“When I was a boy I earned money in the fall of the year by raking leaves in the yard of a white family. I did this in the afternoon, after school. In this family there was a little girl about six or seven years old. She delighted in following me around the yard as I worked. One of her insistences was to scatter the piles of leaves in order to find a particular shape to show me. Each time it meant that I had to do my raking all over again. Despite my urging she refused to stop what she was doing. Finally I told her that I would report her to her father when he came home. This was a real threat to her because she stood in great fear of her father. She stopped, looked at me in anger, took a straight pin out of her pinafore, ran up to me and stuck me with the pin on the back of my hand. I pulled back my hand and exclaimed, “Ouch! Have you lost your mind?” Whereupon she said in utter astonishment, “That did not hurt you—you can’t feel.”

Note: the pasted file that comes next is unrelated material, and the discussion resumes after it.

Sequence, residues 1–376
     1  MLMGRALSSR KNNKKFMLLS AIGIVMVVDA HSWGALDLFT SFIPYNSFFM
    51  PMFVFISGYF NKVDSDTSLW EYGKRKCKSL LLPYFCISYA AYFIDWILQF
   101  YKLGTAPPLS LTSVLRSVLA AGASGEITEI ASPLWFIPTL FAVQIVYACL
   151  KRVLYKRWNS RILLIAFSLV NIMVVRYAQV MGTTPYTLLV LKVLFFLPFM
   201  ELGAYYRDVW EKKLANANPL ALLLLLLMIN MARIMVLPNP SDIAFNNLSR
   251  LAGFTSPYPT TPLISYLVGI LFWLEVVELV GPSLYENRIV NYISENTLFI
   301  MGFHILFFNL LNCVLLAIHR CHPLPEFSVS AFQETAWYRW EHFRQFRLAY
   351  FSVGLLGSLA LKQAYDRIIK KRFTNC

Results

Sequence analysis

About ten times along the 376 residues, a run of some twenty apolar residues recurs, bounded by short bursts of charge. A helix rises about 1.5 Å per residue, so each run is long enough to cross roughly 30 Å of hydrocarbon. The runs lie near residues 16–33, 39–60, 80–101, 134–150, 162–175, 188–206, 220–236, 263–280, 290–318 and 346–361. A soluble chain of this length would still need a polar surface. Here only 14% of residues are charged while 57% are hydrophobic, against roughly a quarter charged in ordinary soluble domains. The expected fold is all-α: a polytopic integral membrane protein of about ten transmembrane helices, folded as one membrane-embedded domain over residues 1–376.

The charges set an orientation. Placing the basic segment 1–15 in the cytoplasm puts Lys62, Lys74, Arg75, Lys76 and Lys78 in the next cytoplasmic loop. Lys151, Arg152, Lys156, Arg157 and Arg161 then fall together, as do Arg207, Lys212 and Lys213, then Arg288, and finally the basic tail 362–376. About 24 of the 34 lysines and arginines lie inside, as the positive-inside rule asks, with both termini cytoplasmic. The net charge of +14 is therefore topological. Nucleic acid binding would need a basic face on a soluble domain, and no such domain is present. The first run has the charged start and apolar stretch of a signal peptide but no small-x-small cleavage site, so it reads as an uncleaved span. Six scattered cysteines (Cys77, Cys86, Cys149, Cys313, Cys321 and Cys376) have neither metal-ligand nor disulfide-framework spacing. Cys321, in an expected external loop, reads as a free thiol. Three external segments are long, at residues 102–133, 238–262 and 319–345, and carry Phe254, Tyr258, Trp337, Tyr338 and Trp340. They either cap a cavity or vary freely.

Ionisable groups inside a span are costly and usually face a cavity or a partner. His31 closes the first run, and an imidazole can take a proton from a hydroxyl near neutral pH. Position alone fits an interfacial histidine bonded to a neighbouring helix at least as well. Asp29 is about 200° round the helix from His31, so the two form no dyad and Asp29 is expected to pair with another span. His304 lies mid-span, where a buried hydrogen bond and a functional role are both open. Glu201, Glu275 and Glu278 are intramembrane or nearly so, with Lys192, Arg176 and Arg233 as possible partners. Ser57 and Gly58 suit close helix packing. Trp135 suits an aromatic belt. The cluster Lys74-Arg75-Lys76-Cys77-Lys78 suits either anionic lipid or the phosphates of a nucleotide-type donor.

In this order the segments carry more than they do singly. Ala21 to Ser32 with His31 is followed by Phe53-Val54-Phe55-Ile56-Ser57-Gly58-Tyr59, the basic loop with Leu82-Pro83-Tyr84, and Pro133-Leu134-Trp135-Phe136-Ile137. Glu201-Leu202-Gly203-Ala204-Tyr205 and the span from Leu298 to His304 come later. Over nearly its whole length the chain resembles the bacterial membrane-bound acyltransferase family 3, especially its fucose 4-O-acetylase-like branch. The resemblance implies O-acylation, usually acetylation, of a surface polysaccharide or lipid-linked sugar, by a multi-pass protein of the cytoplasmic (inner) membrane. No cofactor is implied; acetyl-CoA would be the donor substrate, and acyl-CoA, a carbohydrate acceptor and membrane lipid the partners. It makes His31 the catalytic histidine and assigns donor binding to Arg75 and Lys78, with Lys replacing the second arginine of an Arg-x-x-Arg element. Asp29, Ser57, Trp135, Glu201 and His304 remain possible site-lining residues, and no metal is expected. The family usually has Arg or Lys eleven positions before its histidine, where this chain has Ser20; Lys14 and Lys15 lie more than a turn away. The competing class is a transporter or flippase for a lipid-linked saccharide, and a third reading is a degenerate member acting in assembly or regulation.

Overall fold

In other words, I was not human, nor was I even a creature capable of feeling pain. Manifestly this is an extreme position, but it indicates the social and psychological climate in which it would be possible for a little girl to grow up in a Christian family with such a spontaneous attitude toward other human beings. Segregation guarantees such inhumaneness and throws wide the door for a complete range of socially irresponsible behavior.”

  Thurman would be an instrumental part of the founding of what was known as the first interracial and intercultural church in San Francisco. A book he wrote entitled “Jesus and the Disinherited” about how the teachings of Jesus were a guide for the oppressed was something that Martin Luther King carried with him during the Montgomery bus boycott.